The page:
The total estimated annual payroll for seven Congressional Districts with significant employment in health care and social assistance is just over $275 billion.   

This draft was edited thanks to a little help (March 2018)  This is a damn complicated issue.

A look at the details by Congressional District exposes weaknesses in the strategy of leaving the Affordable Care Act alone as a result of the failure of replace/repeal.  

Nearly 22% of Velazquez’s (CD7), 27.6% of Jefferies (CD8) and 54% of Clarke’s (CD9) constituent payroll is the health care and social assistance, almost $6 billion. A reduction by a fraction of this can be devastating to the better jobs, more income strategy in NYC’s service economy environment. It is this part of the health care system that is broken and the debate to let the market drive the system vs. a broad national safety net in a single-payer design is designed to go on forever.

The American Community Survey (ACS) provides details by Congressional District (Here) are as follows:

Annual payroll ($1,000) ACS Estimate
Total for all sectors CD6 (Meng) $6,774,639
Health care and social assistance $2,614,886
Total for all sectors CD7 (Velazquez) $8,942,565
Health care and social assistance $1,920,162
Total for all sectors CD8 (Jefferies) $5,209,765
Health care and social assistance $1,435,548
Total for all sectors CD9 (Clarke) $4,591,698
Health care and social assistance  $2,493,720
Total for all sectors CD10 (Nadler)  $73,088,238
Health care and social assistance $  4,082,423
Total for all sectors CD11 (Donovan) $5,995,693
Health care and social assistance  $2,405,251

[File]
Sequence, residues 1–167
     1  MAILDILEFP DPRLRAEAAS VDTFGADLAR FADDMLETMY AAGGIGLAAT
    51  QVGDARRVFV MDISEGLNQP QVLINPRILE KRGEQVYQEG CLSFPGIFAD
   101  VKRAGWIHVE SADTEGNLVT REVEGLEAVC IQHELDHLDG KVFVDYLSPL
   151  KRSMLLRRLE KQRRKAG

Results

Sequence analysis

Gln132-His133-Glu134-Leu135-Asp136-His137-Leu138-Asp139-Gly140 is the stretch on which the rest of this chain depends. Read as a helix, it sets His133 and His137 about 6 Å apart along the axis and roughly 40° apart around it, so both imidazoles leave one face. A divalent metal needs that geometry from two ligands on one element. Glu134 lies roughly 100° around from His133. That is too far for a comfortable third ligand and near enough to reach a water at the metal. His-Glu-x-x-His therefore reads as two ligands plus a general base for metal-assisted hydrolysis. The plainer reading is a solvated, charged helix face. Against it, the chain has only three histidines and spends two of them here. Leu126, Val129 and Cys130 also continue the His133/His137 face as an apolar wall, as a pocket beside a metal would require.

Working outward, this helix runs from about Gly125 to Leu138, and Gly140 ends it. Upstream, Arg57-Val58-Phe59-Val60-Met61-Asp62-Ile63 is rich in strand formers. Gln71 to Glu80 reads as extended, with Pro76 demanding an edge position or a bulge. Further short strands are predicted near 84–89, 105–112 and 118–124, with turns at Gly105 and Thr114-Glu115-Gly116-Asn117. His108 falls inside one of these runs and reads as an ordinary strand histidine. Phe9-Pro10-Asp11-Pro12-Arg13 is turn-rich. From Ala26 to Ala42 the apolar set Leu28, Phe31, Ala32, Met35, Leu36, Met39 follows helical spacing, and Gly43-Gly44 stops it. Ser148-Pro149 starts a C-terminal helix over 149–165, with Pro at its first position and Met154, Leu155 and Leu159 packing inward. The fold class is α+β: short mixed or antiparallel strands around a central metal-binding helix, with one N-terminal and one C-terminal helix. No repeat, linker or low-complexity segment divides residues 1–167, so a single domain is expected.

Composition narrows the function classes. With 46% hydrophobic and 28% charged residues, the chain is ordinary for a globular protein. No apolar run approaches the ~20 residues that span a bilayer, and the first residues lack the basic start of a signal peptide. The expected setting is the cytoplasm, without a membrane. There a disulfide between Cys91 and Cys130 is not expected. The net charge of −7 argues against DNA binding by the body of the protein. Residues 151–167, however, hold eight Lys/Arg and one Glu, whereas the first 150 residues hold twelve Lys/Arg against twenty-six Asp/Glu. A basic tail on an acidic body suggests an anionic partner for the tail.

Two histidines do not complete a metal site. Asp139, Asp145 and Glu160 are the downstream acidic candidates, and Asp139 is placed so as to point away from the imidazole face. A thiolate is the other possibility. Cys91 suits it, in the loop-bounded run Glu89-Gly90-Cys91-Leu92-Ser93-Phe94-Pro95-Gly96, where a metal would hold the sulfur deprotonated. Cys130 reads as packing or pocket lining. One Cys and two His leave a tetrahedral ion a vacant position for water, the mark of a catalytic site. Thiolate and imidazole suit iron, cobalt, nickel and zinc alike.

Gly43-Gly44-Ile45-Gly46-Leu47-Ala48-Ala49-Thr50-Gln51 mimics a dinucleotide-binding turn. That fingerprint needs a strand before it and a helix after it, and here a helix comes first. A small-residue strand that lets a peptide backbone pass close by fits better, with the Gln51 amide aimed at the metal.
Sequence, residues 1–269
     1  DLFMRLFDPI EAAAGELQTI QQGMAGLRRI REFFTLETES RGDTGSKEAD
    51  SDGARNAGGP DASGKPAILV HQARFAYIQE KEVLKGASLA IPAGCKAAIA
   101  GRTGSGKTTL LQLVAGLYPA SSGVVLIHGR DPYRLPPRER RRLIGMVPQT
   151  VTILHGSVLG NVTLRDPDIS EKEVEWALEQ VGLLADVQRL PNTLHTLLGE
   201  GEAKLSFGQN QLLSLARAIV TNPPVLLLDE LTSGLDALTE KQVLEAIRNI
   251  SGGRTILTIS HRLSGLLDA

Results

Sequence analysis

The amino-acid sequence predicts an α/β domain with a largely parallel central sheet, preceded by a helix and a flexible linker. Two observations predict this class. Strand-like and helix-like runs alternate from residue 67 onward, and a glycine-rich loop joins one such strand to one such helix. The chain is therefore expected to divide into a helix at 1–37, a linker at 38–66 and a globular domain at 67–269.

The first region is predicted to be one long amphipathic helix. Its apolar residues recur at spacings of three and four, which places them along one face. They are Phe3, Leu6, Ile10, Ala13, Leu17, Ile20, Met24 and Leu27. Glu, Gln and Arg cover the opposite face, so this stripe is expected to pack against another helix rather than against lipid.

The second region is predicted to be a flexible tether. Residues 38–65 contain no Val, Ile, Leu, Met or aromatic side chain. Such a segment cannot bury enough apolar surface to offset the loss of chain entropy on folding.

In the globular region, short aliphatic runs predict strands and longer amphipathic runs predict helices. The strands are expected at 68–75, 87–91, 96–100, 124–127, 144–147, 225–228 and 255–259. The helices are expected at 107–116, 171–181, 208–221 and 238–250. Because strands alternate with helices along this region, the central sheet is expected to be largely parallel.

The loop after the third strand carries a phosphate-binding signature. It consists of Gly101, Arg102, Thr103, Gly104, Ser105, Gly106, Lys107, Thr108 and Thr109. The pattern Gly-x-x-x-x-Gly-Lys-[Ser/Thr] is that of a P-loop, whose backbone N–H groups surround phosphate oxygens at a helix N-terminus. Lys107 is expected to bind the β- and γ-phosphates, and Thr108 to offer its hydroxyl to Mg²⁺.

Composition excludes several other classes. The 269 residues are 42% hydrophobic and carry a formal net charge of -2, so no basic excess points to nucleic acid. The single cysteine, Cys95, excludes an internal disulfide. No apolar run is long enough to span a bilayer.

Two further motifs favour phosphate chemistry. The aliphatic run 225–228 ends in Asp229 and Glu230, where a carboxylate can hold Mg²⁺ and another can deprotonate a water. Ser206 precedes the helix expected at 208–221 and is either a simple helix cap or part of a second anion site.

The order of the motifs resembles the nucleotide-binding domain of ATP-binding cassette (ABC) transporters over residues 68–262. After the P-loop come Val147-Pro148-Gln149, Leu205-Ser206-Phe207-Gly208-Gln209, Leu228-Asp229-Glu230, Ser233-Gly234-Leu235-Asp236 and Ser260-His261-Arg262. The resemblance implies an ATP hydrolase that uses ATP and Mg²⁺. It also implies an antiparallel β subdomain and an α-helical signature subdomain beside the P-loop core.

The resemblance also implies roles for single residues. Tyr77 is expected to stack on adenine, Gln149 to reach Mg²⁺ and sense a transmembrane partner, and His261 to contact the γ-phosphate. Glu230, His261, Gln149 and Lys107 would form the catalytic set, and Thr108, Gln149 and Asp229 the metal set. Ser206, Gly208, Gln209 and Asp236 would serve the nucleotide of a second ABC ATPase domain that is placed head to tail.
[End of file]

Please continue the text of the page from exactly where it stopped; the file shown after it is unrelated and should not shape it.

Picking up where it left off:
Total for all sectors CD12 (Maloney) $170,281,639
Health care and social assistance  $10,155,081
Total for all sectors CDs 6 through 12 $274,884,237
Health care and social assistance  $25,107,071

The seven districts covering all of Brooklyn includes Bay Ridge and all of Staten Island represented by the city’s only Republican. The table (above) also includes a bit of Queens (Meng).  Maloney and Jerry Nadler also have small parts of Brooklyn, but larger parts of Manhattan, and therein lies a surprise.

Of the $275 billion in total income in these districts, 88.5% is in CD10 (Nadler) and CD12 (Maloney). The incomes of the households in these two districts dwarf the other five that cover most of Brooklyn. Maloney and Nadler represent 11% of the employment in the health and social assistance sector.

More work on this is needed regarding the impact on CD9  where over 50% of the community’s income is in the health sector and the majority of it is Medicaid.

 


The listing of industry in these areas is in the North American Industry Classification System (here) and reports on Census.gov  examining business & Industry are available in both annual & quarterly service reports (here).

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